I once worked for a firm of lawyers over the university holidays to earn some extra money. One of my daily chores was to visit the post office to collect mail and send off packages. At the post office worked a woman called Sarah. She had a terrible squint and an overbite of horsey, uneven teeth that were so long that she struggled to close her mouth around them. She looked constantly surprised.
Sadly, her beauty wasn’t skin deep. As far as I could tell, Sarah was a deserted outpost in the hinterland of the intellect. You had to travel past world-class idiots and then across a wide stretch of nothing at all before you got to Sarah. Sarah pushed at the boundaries of stupidity every time I saw her. Behind the clerks was an open area in which she did odd jobs. There was a trapdoor to a basement storage area beneath it. On two separate occasions I watched as Sarah opened this door and then plunged into the basement with a muffled cry a few seconds later. There was also a door to an office beyond the open area, operated with a foot pedal of some kind. I often saw the clerks open it while carrying parcels. Sarah was stumped by this door. She’d kick it until one of the clerks opened it for her. A device that would yield to a foot would not yield to Sarah. Another time I watched as she tried to tape up a box that bore a This Side Up sign. Instead of turning it over, she crouched and taped the underside of the box while she grunted and complained. At first I thought that it already contained something that could not be turned upside down but then one of the clerks went and turned the package over in exasperation. The box was empty. Sarah frowned at it and then turned it back to how it was before she continued to struggle with the tape.
I felt sorry for Sarah. She was doing odd jobs, just like I was. Like me, she did dumb things. I wanted to tell her that I understood and that everything would be OK, even though I knew that they would never be.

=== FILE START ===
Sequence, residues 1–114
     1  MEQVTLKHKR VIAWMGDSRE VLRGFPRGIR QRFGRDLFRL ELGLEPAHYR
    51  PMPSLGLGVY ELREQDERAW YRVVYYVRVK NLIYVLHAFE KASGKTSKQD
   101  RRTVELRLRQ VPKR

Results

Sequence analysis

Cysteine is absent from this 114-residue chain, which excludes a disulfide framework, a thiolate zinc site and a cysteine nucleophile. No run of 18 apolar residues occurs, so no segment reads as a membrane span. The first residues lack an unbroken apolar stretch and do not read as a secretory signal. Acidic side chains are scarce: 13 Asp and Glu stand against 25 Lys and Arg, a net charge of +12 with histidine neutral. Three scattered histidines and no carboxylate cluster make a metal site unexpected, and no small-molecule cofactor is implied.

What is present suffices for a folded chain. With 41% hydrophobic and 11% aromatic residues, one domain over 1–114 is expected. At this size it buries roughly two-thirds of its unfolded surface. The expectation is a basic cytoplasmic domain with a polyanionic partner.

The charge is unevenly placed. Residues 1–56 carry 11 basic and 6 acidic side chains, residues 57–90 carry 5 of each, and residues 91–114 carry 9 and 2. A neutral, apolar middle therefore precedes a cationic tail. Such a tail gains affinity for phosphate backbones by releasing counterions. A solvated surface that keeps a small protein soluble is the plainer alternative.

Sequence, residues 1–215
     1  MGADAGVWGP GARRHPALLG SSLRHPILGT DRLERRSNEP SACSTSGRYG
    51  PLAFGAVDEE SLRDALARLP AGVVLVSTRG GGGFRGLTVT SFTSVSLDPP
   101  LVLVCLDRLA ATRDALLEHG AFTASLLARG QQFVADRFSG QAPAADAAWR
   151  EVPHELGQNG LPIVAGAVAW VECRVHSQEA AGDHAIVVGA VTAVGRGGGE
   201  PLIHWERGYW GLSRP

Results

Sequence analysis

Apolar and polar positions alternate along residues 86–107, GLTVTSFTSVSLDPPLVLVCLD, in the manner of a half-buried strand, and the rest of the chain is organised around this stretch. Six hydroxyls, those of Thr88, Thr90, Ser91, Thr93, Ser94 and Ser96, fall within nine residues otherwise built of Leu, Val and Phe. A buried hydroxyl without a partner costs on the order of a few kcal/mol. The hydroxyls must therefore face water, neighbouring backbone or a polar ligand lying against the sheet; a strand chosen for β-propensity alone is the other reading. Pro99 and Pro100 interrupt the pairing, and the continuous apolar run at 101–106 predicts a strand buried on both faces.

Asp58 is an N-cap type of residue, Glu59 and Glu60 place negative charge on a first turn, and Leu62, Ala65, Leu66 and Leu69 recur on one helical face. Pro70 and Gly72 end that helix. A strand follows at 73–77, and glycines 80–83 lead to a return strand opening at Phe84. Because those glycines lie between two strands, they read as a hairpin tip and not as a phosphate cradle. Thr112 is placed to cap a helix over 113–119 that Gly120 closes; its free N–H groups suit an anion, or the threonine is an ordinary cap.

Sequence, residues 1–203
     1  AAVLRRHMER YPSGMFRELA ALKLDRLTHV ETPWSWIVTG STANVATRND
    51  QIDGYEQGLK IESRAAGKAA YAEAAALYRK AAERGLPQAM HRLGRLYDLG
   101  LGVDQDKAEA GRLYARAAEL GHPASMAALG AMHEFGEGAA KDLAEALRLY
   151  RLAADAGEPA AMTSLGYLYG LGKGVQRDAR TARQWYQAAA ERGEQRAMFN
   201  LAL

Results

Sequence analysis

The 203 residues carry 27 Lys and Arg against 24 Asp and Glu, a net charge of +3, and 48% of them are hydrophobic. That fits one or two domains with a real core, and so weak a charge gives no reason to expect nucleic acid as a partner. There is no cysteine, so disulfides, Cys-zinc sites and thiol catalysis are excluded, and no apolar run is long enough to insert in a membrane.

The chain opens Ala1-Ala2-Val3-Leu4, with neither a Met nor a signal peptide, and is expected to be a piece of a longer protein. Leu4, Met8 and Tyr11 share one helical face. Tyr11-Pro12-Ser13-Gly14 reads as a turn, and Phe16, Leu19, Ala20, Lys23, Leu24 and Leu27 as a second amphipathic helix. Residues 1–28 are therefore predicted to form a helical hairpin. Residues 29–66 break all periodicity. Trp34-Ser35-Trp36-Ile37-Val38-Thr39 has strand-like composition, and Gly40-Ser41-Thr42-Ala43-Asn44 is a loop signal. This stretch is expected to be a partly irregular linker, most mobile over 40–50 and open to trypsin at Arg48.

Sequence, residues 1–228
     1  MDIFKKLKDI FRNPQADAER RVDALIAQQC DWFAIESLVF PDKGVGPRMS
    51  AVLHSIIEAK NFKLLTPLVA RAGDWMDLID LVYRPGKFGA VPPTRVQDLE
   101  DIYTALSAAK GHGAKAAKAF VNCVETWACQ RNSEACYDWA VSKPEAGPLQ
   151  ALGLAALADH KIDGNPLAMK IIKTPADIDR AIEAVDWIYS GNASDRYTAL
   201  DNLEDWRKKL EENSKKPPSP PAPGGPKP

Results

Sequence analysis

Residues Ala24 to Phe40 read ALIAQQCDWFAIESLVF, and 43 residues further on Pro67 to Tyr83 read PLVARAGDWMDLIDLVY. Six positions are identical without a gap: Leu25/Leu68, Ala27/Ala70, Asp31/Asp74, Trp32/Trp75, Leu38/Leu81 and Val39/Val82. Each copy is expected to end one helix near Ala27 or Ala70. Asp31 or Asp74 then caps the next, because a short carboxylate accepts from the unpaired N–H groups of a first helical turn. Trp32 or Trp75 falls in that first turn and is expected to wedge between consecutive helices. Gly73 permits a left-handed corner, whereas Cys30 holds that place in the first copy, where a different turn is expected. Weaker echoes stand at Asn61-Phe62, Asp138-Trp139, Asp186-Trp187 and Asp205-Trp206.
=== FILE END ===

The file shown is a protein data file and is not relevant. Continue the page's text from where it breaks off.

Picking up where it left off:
There was a single clerk on duty when I arrived one day. After he’d helped another customer, he disappeared through the door with the pedal. I waited at the counter for a minute and then Sarah came over. She held a broom and was slightly out of breath.
“Yeth?” she lisped.
I reflected for a moment on the cruelty of life but she went on.
“What you want?”
“Hello Sarah,” I tried.
“Yeth??” she insisted.
“Everything will be OK,” I purred.
She narrowed her eyes.
“What you want??” she demanded.
“Er—I have to mail these packages. I’ll wait for someone.”
She squared her shoulders.
“Tharah will,” she said.
“It’s OK,” I replied, “really. I’ll wait.”
Sarah held out her free hand and made a low, moaning sound. I gave her my parcels. There were two boxes and a long tube containing a poster. She smiled as she took them. It wasn’t a pretty sight but it made me feel good.
“You don’t have to do this,” I called after her as she waddled to the scale behind her with the first of the boxes and the broom in her other hand. Obviously, once Sarah got busy with something, she didn’t let go.
She put the box on the scale and struggled with her free hand until she’d turned it the right way up. She squinted at the readout and pressed a button which printed a weight label. Then she did the same thing with the second box.
“Why do you turn the box?” I asked as she fetched the tube.
“To make thure it’th right,” she mumbled as she walked away.
She placed the tube on the scale and shook her head.
“Thith one ith wrong,” she declared when she got back.
“What do you mean, wrong?”